'Real steps’ agreed between Israelis and Palestinians: Kerry
“Real steps” have been negotiated to help end mounting violence in Israel and the occupied West Bank, US Secretary John Kerry said late on Thursday.
Kerry did not qualify what specific measures had been agreed on, but stressed that he had won commitments from Israeli Prime Minister Benjamin Netanyahu, as well as Jordanian King Abdullah II and Palestinian President Mahmoud Abbas, to work together to stem recent violence in Jerusalem that has left dozens killed.
"We are not going to lay out each practical step; it is more important they be done in a quiet and effective way," Kerry told reporters after holding tri-party talks in Amman with Netanyahu and King Abdullah.
“This will be done in a quiet and effective way but [the steps] will be noticeable and I am convinced that they will be effective."
The unscheduled three-party talks overran by almost two hours – a delay that, observers say, could indicate a genuine deal.
“Some kind of movement is going on regarding the issues,” said Sarah Elizabeth Williams, a MEE contributor in Jordan.
"It is clear to me that they are serious about working on the effort to create de-escalation and to take steps to instil confidence that the status quo will be upheld."
Kerry also met with Abbas earlier in the day, although Abbas did not attend the three-party evening discussions.
“It just isn’t yet the right moment for the two sides to come together at this instance they both need to see that things are changing … [and] there needs to be a ripeness for that meeting that does not exist yet,” Kerry said, in response to questions about Abbas’s involvement.
However, Abbas was repeatedly consulted and played a key part in the conversation, Kerry added.
I held a “constructive meeting with Abbas - and constructive steps, real steps, not just rhetoric [was agreed] - that people can take to de-escalate the situation and create a climate in which we can move forward in a constructive way,” Kerry said.
Kerry’s diplomatic push comes in the wake of recent tensions that have seen almost daily clashes erupt in East Jerusalem, as well as a spate of attacks that have been fuelled by ongoing controversy surrounding access to al-Aqsa mosque.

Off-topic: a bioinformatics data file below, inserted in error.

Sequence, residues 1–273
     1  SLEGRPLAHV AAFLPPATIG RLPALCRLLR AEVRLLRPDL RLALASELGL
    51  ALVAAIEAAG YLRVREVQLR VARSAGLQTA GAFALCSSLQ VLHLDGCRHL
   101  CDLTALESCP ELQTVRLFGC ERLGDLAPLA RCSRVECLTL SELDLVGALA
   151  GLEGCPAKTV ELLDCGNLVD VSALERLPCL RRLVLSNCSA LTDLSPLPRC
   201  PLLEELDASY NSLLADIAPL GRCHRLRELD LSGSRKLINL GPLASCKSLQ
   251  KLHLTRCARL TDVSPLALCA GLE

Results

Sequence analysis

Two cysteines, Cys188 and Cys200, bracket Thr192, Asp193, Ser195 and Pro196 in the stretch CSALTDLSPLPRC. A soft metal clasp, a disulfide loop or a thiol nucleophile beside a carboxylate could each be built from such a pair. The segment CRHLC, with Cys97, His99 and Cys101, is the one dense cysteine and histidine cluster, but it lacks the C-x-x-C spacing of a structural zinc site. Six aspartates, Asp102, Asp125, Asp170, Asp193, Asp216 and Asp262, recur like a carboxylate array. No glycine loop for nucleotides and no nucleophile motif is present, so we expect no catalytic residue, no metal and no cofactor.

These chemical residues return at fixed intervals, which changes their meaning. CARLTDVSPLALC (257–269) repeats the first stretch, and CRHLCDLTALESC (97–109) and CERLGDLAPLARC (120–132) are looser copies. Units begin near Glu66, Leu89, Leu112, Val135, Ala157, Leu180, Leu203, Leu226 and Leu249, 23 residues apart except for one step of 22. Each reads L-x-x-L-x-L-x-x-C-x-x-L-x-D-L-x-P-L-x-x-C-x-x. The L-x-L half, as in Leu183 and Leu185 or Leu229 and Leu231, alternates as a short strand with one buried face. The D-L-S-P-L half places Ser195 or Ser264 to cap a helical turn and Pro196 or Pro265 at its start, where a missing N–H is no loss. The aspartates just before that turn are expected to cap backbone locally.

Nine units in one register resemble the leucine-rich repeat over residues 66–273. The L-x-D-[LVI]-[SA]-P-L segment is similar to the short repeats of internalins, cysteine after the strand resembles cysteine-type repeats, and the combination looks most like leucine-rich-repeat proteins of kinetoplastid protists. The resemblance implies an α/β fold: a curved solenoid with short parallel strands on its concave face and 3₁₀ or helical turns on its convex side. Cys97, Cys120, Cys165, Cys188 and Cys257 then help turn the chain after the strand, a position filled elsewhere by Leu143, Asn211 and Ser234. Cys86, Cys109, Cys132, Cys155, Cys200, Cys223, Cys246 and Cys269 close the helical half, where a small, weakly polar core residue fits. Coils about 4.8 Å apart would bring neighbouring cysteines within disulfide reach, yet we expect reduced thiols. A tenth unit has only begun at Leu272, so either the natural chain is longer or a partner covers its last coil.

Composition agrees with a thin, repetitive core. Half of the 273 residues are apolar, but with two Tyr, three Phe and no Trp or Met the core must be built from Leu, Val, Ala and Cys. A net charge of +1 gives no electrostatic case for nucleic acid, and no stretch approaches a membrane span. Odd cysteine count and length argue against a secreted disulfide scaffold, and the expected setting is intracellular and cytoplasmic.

While Jews and tourists are allowed to enter the al-Aqsa compound, they are not allowed to pray there, according to a long-standing deal reached between Israel and Jordan that administers the Holy Sites. However, right-wing Israeli groups have been increasingly breaching the rules and stepping up their visits to the site, in a move that has widely angered Muslims.
The provocations come as Israeli authorities have moved to apply a string of restrictions on al-Aqsa, frequently shutting it off to men under the age of 40 or 50, and briefly shutting it down for a day last month.
More than a dozen people have been killed in the ensuing violence and attacks, which has all been linked to al-Aqsa seen as Islam’s third holiest site, but known to Jews as Temple Mount for the believe that it once housed two ancient temples.
"Firm commitments" were made to maintain the status quo at the compound in Israeli-annexed east Jerusalem, Kerry said at the conference held with Jordanian Foreign Minister Nasser Judeh.
While he refused to answer specifics on the pledges made, Kerry insisted that there will be “noticeable” changes within days.
“With respects to Haram al-Sharif Jerusalem, if you read the basics of the agreement that exists – you will see precisely what is expected of the Jordanian forces that are responsible [for the compound] as well as the Israelis,” Kerry said.
“So is status quo is maintained you will see clearly what is expected… [now] it is up to the folks there to show it the way that is being implemented.”